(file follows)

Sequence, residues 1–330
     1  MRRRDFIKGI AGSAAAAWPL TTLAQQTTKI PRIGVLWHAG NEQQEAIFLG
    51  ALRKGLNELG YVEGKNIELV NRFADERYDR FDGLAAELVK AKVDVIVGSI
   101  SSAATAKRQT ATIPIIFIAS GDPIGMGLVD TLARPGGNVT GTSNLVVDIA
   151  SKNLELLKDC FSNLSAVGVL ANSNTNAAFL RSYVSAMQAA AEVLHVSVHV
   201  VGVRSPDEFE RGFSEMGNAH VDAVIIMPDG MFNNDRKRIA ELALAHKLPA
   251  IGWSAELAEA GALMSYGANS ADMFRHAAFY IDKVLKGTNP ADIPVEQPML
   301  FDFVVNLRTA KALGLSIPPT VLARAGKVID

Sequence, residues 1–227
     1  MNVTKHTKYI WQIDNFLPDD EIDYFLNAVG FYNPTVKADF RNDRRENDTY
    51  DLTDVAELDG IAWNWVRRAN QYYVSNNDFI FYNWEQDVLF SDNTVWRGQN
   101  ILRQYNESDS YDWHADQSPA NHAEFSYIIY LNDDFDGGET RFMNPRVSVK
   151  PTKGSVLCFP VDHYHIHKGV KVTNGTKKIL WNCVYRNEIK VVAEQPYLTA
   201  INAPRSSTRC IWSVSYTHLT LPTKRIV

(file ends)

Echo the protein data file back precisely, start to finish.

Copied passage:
Sequence, residues 1–330
     1  MRRRDFIKGI AGSAAAAWPL TTLAQQTTKI PRIGVLWHAG NEQQEAIFLG
    51  ALRKGLNELG YVEGKNIELV NRFADERYDR FDGLAAELVK AKVDVIVGSI
   101  SSAATAKRQT ATIPIIFIAS GDPIGMGLVD TLARPGGNVT GTSNLVVDIA
   151  SKNLELLKDC FSNLSAVGVL ANSNTNAAFL RSYVSAMQAA AEVLHVSVHV
   201  VGVRSPDEFE RGFSEMGNAH VDAVIIMPDG MFNNDRKRIA ELALAHKLPA
   251  IGWSAELAEA GALMSYGANS ADMFRHAAFY IDKVLKGTNP ADIPVEQPML
   301  FDFVVNLRTA KALGLSIPPT VLARAGKVID

Sequence, residues 1–227
     1  MNVTKHTKYI WQIDNFLPDD EIDYFLNAVG FYNPTVKADF RNDRRENDTY
    51  DLTDVAELDG IAWNWVRRAN QYYVSNNDFI FYNWEQDVLF SDNTVWRGQN
   101  ILRQYNESDS YDWHADQSPA NHAEFSYIIY LNDDFDGGET RFMNPRVSVK
   151  PTKGSVLCFP VDHYHIHKGV KVTNGTKKIL WNCVYRNEIK VVAEQPYLTA
   201  INAPRSSTRC IWSVSYTHLT LPTKRIV